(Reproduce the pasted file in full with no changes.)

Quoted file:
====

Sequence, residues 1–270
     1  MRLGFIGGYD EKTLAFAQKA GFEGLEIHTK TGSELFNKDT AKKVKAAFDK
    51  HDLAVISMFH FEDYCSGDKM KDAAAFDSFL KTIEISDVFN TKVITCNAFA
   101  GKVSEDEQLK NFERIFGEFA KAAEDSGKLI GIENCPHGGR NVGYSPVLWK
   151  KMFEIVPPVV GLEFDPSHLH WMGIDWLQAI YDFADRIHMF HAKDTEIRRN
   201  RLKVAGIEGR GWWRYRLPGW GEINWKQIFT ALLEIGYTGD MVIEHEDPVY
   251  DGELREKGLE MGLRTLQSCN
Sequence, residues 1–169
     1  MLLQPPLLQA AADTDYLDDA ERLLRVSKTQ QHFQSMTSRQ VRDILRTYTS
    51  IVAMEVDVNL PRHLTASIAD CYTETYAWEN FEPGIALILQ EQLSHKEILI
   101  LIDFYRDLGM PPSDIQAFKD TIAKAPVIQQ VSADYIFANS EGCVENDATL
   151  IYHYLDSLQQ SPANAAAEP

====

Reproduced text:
Sequence, residues 1–270
     1  MRLGFIGGYD EKTLAFAQKA GFEGLEIHTK TGSELFNKDT AKKVKAAFDK
    51  HDLAVISMFH FEDYCSGDKM KDAAAFDSFL KTIEISDVFN TKVITCNAFA
   101  GKVSEDEQLK NFERIFGEFA KAAEDSGKLI GIENCPHGGR NVGYSPVLWK
   151  KMFEIVPPVV GLEFDPSHLH WMGIDWLQAI YDFADRIHMF HAKDTEIRRN
   201  RLKVAGIEGR GWWRYRLPGW GEINWKQIFT ALLEIGYTGD MVIEHEDPVY
   251  DGELREKGLE MGLRTLQSCN
Sequence, residues 1–169
     1  MLLQPPLLQA AADTDYLDDA ERLLRVSKTQ QHFQSMTSRQ VRDILRTYTS
    51  IVAMEVDVNL PRHLTASIAD CYTETYAWEN FEPGIALILQ EQLSHKEILI
   101  LIDFYRDLGM PPSDIQAFKD TIAKAPVIQQ VSADYIFANS EGCVENDATL
   151  IYHYLDSLQQ SPANAAAEP